Should Christians vote? The Scripture states that God has established the governing authorities (Rom 13:1). Thus, whether those authorities are wicked men such as Pharaoh and Saul; and history indicates that most of them are; or whether they are men of God, such as Joseph and David; God is the one who places them in positional authority.
Christians are commanded to submit themselves to the governing authorities, and hence to obey the laws of the land. We are further commanded to be good stewards over all that God has placed in our lives. This undoubtedly extends to good citizenship. Jesus set the example of good citizenship, as reflected in Matthew 17:24-27 where He, acting to preempt any cause for offense, paid the customary tax due to the government. The Scripture states that Christians are to “Render to all what is due them: tax to whom tax is due; custom to whom custom; fear to whom fear; honor to whom honor.” (Romans 13:7)
God has blessed this nation with, as President Abraham Lincoln stated, “government of the people, by the people, and for the people.” In effect, God has given us the blessing of “self-government.” If Jesus paid taxes, heeding the customs of the land, shall Christians not heed a lesser custom in this land, that being, to joyfully and wisely exercise the privilege and right to vote?
If in the wisdom of God, He has chosen to install government in this nation by means of a democratic process, are not the citizens, including Christians the implements of the will of God? Are we not fellow workers with God? Shall we, as commanded, pray for the governing authorities and yet not participate in the customary process through which they are installed? Shall Christians today not admonish governmental leaders in the manner of John the Baptist toward Herod? (Matthew 14:4) Shall sinful leaders not be subjected to admonishment by the expression of principled support or disdain through the vote? Shall Christians not be stewards of the nation which God has chosen according to His wisdom as the present home of the Gospel? Shall we insult the Spirit of grace by failing to shine light in every vestige of society – including the institutions of government which God has providentially stationed in our hands? Shall we be less responsible citizens than those who do not know God? As Paul says, “May it never be!”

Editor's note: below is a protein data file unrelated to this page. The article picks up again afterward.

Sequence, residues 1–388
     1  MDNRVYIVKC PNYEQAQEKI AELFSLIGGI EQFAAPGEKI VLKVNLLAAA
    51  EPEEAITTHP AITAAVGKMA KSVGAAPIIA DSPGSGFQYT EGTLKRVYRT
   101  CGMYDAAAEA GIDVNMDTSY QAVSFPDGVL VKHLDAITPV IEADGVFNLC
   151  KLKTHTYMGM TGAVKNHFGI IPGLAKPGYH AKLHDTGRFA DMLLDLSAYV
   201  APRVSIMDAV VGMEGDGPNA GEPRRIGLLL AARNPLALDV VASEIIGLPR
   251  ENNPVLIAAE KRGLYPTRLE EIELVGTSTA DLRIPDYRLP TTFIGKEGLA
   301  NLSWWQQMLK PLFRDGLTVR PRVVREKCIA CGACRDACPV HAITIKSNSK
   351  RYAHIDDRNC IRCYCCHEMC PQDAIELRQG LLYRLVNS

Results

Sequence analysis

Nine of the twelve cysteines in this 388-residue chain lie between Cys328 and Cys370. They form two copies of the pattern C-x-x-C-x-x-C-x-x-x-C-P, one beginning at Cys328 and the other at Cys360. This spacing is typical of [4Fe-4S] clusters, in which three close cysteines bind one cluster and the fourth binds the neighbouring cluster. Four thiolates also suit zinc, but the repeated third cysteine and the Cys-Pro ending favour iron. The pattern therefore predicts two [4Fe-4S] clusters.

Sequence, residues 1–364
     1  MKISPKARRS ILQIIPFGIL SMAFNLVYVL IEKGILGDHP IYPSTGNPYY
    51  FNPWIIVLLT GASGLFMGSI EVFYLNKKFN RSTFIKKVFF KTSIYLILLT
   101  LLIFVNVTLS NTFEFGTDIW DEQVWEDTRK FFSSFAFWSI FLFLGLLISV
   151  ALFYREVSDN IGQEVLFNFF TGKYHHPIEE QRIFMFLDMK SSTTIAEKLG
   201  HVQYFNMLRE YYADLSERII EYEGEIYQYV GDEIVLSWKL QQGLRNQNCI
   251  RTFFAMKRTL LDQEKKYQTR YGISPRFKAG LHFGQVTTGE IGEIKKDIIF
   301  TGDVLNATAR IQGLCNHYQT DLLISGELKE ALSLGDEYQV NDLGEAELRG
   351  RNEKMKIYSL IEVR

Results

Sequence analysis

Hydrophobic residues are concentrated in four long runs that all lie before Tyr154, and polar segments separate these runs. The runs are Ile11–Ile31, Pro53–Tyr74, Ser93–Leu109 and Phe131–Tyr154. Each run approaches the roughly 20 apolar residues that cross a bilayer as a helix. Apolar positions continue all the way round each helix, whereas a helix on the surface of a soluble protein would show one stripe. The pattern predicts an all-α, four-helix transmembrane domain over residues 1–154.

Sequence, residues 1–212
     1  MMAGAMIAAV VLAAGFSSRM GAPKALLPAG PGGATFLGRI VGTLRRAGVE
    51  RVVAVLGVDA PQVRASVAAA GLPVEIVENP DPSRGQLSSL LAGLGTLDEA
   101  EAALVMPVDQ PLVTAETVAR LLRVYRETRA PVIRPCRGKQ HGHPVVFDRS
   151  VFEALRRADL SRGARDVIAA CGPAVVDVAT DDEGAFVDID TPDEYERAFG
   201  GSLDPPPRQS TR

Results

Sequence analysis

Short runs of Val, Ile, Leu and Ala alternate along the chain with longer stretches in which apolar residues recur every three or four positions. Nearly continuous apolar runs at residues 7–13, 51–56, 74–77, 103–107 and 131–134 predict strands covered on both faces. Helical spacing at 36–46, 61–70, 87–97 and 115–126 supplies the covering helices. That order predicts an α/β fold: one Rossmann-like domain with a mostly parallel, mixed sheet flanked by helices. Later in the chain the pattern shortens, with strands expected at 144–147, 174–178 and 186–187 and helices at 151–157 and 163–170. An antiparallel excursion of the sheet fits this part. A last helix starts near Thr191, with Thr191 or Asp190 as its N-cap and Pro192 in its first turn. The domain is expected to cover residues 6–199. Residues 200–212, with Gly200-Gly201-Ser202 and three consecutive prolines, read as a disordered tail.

There are those who may rightly assert that we are in this world, but not of it; and therefore we should disavow ourselves from interaction with the lost. Yet, this is the antithesis of the teaching of the Apostle. He explicitly explains our position and the nature of our interaction with the lost, stating in 1 Corinthians 5:9-11 “I wrote you in my letter not to associate with immoral people; I did not at all mean with the immoral people of this world, or with the covetous and swindlers, or with idolaters, for then you would have to go out of the world.”
Jesus ate with tax collectors and sinners. He came to seek and save those who are lost. Shall we do less today? Shall we separate ourselves from those in need of the great physician? Are we not ambassadors for Christ, charged with the great commission? Indeed God has given us the ministry of reconciliation, and we are admonished to take heed to the ministry that we have received in the Lord that we may fulfill it. Accordingly, we cannot separate ourselves from the lost in this world, nor this nation. As the venerate 19th century revivalist Charles G. Finney warned:
“God cannot sustain this free and blessed country, which we love and pray for, unless the Church will take right ground. Politics are a part of a religion in such a country as this, and Christians must do their duty to the country as a part of their duty to God. It seems sometimes as if the foundations of the nation are becoming rotten, and Christians seem to act as if they think God does not see what they do in politics. But I tell you He does see it, and He will bless or curse this nation, according to the course they take.”